Kenyan politics is notoriously divided. You only need to tell me the name of a person, where he is from or what tribe he is, and I will tell you who he votes for. Nine out of 10 times, I will be right.
Just look at the data from the 2017 election.
In Murang’a County in the former Central Province, Uhuru Kenyatta won 98 per cent of valid votes. Raila won less than two per cent. In nearby Nyandarua, Nyeri and Kirinyaga, the results were even more pro-Uhuru. In Kiambu, the regional outlier, Uhuru won ‘just’ 93 per cent of the vote.
The same is true the other way. In Homa Bay County, Raila won a staggering 99.3 per cent of valid votes. Of almost half a million registered voters, Uhuru mustered less than 2,000 votes.
Of course, divides at the ballot box are only the tip of the iceberg. These disputes always seem to turn violent, with rioting, violence and inter-communal tension a seemingly inevitable part of Kenyan elections. For those of us old enough to have experienced it, the harrowing memories of 2007/08 still linger.
This of course has a knock-on effect on our economy. The World Bank calculated our economic growth in 2007 at 6.9 per cent. For 2008, the figure was 0.2 per cent. Fast-forward a decade and the trend remains, albeit less exaggerated. In 2016, growth was 5.9 per cent and 6.3 per cent in 2018. The blip was 2017 (an election year) where growth dropped to 4.8 per cent.
It was this reality that informed the era-defining ‘handshake’ between Uhuru and his once nemesis Raila in March 2018, and the accompanying Building Bridges Initiative. It is no coincidence that our economic performance dramatically improved in its aftermath.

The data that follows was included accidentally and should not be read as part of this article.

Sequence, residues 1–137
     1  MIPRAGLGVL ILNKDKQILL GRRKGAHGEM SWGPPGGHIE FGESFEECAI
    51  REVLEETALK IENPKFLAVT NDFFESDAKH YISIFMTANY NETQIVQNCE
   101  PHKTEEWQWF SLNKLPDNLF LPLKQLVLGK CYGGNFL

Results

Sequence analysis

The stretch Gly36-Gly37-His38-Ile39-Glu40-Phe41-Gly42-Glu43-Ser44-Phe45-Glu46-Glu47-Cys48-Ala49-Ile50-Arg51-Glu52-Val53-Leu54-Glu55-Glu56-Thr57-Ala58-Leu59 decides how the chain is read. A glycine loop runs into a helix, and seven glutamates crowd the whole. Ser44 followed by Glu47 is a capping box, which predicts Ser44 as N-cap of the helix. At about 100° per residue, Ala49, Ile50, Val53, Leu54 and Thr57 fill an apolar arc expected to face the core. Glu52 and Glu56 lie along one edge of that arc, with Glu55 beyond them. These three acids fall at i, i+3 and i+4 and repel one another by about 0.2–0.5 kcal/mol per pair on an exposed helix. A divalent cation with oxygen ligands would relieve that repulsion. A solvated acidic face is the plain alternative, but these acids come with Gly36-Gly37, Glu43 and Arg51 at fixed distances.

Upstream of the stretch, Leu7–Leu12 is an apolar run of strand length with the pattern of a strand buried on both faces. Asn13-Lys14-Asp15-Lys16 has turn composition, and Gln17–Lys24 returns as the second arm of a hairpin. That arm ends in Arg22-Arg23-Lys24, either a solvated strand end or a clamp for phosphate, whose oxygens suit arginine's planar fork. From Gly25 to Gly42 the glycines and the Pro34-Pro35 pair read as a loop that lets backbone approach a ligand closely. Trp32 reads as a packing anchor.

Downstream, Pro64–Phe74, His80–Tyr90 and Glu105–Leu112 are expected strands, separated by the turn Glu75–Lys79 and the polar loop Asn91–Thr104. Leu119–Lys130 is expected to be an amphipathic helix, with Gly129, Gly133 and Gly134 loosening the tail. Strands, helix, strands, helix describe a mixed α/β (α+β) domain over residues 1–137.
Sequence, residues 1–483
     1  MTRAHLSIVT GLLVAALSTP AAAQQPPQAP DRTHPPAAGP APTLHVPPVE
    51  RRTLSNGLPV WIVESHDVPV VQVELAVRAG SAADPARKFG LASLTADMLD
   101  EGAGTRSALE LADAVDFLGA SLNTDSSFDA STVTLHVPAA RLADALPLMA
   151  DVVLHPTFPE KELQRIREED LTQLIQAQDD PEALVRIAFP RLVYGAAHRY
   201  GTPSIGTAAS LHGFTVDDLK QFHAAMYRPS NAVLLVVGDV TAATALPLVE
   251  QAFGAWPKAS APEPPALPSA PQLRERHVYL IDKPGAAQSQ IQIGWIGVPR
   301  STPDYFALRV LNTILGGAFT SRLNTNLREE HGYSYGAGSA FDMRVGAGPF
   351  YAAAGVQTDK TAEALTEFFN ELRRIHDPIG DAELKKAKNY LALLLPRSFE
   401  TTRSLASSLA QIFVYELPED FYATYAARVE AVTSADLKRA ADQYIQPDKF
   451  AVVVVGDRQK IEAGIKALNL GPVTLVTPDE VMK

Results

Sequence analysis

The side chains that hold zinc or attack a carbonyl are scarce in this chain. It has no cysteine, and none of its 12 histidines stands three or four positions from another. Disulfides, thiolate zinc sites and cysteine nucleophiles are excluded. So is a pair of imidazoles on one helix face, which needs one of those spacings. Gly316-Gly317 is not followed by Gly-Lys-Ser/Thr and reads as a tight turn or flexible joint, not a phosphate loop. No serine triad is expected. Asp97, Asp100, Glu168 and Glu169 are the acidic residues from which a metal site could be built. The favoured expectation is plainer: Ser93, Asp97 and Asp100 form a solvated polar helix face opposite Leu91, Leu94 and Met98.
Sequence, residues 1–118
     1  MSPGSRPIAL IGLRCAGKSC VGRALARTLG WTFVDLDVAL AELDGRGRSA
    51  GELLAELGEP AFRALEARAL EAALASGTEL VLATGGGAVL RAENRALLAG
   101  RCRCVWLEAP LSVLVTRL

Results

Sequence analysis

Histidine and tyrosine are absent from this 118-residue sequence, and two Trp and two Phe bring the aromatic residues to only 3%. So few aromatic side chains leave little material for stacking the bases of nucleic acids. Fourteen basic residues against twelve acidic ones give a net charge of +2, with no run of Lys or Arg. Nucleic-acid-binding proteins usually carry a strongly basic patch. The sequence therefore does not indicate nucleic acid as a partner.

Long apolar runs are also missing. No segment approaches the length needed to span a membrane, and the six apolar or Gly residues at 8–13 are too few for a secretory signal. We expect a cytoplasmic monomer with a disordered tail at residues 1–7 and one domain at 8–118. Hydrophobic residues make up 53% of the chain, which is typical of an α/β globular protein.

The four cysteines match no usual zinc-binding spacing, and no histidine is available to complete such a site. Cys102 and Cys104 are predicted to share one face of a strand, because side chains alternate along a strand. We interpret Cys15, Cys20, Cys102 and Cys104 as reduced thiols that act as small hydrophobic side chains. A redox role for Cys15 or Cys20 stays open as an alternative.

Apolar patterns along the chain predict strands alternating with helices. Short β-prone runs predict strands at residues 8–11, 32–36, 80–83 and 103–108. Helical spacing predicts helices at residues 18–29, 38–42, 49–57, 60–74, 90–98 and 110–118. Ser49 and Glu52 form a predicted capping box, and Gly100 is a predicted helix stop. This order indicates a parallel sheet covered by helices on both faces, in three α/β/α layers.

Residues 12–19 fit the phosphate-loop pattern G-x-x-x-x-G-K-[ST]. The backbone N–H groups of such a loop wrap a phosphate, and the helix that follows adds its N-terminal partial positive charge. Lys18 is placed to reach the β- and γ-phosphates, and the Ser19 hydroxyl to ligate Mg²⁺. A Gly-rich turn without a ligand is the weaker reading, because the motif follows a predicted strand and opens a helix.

But a handshake only works if the parties are united in word and in deed. If they share goals, values and, most importantly, a vision. They must walk the talk.
On this count as well, we can also be satisfied. Since the handshake, Raila has become an enthusiastic advocate for the President’s Big Four Agenda and the accompanying war on corruption. Notably, there have been none of the usual leaks and anonymous briefings from one party against the other. Their partnership is not just on paper it seems.
The latest evidence for this comes in the debate surrounding the potential national constitutional referendum.
Now, I am generally someone who is suspicious of referenda. Simply put, they have a propensity to cause chaos, and the sensible decision often is overlooked in favour of the populist one. The 2016 UK Brexit referendum is a case in point.
But my thoughts on this upcoming referendum are heavily influenced by the fact that pretty much all of our leaders agree that it is a good idea. Uhuru and Raila are joined by Kalonzo Musyoka’s Wiper Democratic Movement, Musalia Mudavadi’s Amani National Congress, Moses Wetang’ula’s Ford-Kenya, and Gideon Moi’s Kanu.
In a country as divided as Kenya, this level and diversity of support is pretty much unprecedented, and should cause us all to take notice. Of course, one name missing from this list is Deputy President William Ruto. Conspiracy theorists and rumour mongers have already begun speculating as to why he is yet to express his support.
I wouldn’t read too much into it. The DP has not opposed the idea, nor has he been critical of it. His absence from this debate should not automatically be interpreted as opposition. Let us not invent discord where none exists.
I urge that we put our cynicism to one side and get behind the constitutional referendum. As Kanu Secretary General Nick Salat has said, “We’ve massacred each other at every election, isn’t that reason enough to find a lasting solution on how we can stop these massacres?”
The leaders of the nation’s two largest political camps have identified this as a lasting solution – a key step towards cementing their newfound unity and ensuring the death and destruction that has accompanied previous elections is confined to the dustbin of history. They have managed to build a wave of consensus around the idea that includes almost all major political parties.
This should be applauded by all. The fact that the consensus is not yet unanimous should do little to detract from our support.
- The writer is a Human Resource expert and comments on topical issues.
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